Bilbrey v. Workers' Compensation Commissioner
In Bilbrey v. Workers' Compensation Commissioner, 186 W. Va. 319, 412 S.E.2d 513 (1991), the Court opined that "if one audiogram shows a substantially worse four frequency total than a second audiogram, the expert must work with the premise that since a noise-induced loss is static, some other factor must be responsible for the difference between the two audiograms, such as a sinus or eustachian tube problem." 186 W. Va. at 324, 412 S.E.2d at 518.
Notwithstanding the Bilbrey Court's explanation that "experts have pointed out that if there is a fluctuation in the hearing loss between audiograms which is greater than the margin of error, then the audiogram which shows the least amount of hearing loss should be used to determine the hearing loss due to noise exposure," 186 W. Va. at 323-24, 412 S.E.2d at 517-18 , the Court nevertheless went on to state, in dicta, that where the difference between two audiograms was greater than the margin of error, "the better audiogram of the two should be used as the audiogram most representative of the sensorineural loss." Id. at 324, 412 S.E.2d at 518.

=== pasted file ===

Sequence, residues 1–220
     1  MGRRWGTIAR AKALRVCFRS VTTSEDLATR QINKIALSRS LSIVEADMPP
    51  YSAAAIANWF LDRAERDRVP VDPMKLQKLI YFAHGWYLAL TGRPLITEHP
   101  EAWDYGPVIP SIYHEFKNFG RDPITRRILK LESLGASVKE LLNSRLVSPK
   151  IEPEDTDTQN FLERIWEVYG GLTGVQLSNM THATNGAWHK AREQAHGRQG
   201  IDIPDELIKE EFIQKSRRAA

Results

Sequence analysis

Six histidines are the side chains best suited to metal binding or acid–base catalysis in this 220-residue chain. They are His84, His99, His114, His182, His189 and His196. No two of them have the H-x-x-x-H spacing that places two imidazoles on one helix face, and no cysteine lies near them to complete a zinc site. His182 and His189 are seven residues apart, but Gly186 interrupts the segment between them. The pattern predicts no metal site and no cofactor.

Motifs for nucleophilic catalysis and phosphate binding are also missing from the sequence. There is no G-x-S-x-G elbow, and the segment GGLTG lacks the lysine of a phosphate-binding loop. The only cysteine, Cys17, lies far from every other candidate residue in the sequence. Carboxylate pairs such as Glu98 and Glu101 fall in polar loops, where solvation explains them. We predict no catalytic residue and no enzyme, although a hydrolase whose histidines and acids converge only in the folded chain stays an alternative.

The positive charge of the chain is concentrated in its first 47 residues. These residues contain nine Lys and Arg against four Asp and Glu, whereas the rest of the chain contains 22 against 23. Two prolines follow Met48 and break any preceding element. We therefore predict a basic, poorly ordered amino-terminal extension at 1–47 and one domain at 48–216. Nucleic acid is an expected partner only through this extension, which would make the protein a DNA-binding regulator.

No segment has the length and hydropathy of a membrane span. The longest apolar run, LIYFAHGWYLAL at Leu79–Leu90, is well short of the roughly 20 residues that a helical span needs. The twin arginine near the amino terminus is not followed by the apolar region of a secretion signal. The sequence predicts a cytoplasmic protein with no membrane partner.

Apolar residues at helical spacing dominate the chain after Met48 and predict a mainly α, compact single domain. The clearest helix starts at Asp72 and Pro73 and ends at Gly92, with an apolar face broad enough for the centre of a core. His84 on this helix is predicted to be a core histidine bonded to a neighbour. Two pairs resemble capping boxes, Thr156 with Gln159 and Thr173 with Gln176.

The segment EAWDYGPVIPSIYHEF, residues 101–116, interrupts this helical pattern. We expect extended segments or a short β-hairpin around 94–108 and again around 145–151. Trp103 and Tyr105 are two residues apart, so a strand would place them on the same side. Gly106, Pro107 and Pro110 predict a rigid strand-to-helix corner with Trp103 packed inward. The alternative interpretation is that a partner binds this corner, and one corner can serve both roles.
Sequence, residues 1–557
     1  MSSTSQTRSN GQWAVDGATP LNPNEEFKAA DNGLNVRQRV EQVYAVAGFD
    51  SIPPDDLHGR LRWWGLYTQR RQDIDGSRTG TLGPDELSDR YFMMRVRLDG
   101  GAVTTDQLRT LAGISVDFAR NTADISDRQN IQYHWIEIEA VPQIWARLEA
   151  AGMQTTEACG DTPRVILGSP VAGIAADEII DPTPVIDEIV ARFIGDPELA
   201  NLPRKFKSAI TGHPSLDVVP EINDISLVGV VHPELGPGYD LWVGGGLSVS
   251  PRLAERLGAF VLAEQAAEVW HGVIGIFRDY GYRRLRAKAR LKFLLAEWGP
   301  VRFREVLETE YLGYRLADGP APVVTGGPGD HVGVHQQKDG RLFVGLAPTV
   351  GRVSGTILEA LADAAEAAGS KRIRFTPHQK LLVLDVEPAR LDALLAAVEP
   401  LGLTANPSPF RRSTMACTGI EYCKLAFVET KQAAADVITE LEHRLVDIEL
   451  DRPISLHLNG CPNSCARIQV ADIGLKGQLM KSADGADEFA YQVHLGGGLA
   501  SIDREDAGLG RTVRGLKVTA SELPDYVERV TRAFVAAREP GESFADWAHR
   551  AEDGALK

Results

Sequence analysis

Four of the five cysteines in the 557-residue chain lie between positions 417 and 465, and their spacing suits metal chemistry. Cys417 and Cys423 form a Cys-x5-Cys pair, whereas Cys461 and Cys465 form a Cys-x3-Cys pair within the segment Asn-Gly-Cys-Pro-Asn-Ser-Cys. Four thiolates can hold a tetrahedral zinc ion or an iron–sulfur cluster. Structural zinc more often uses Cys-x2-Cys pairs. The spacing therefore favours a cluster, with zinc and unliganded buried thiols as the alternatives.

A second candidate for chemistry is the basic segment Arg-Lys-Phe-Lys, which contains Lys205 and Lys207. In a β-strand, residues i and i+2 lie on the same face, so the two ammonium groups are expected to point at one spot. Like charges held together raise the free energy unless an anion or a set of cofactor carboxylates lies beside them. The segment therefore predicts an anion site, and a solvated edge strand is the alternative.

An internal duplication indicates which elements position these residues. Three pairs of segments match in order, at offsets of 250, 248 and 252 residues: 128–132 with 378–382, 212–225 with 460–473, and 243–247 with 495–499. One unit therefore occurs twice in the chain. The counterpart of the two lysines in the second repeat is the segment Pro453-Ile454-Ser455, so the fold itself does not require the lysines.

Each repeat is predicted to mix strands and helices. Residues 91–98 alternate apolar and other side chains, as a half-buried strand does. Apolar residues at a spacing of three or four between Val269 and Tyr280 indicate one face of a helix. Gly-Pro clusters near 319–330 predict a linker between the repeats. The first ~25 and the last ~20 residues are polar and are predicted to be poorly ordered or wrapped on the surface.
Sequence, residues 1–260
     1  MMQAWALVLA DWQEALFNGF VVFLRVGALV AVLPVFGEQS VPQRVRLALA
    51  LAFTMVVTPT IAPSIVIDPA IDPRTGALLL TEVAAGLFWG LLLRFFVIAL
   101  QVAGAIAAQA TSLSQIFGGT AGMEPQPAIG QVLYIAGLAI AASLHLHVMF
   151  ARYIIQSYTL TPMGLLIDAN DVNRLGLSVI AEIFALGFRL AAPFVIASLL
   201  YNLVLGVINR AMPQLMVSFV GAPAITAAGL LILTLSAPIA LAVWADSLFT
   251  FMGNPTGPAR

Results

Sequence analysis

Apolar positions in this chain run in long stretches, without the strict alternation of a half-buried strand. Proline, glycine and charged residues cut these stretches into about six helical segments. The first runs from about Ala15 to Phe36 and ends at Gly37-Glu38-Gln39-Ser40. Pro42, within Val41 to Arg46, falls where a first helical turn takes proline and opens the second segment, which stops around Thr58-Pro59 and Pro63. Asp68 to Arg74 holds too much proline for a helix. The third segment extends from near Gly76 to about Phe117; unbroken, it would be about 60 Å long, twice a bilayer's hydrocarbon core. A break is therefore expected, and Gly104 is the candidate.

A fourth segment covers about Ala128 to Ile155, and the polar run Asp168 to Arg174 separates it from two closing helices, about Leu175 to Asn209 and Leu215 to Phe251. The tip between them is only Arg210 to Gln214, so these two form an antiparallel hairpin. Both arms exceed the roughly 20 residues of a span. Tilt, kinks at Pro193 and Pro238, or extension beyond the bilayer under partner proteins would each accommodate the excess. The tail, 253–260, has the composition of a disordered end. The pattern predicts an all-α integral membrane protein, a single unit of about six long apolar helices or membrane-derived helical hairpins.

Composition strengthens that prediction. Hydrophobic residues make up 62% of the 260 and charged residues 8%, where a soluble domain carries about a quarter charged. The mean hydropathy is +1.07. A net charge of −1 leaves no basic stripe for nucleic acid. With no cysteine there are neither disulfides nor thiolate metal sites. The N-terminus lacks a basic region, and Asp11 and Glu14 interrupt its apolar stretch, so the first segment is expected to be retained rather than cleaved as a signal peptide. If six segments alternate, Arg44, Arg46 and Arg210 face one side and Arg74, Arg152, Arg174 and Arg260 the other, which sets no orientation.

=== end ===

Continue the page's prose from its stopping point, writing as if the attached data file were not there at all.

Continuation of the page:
Thus, by using the phrase "better audiogram" as opposed to a more specific phrase referring to "the audiogram which shows the least amount of hearing loss," the Bilbrey Court appears to have rejected the expert view in favor of a more neutral procedure.
Unfortunately, the Court failed to elaborate on just what it meant by the term "better." It is also important to note that, while the Division, and to some degree the bar, have apparently interpreted Bilbrey's explanation of the expert view as a holding, the Bilbrey Court stopped short of creating any new principle of law regarding how to determine which of two widely varying, yet apparently valid, audiograms most accurately represents a claimant's true level of hearing loss.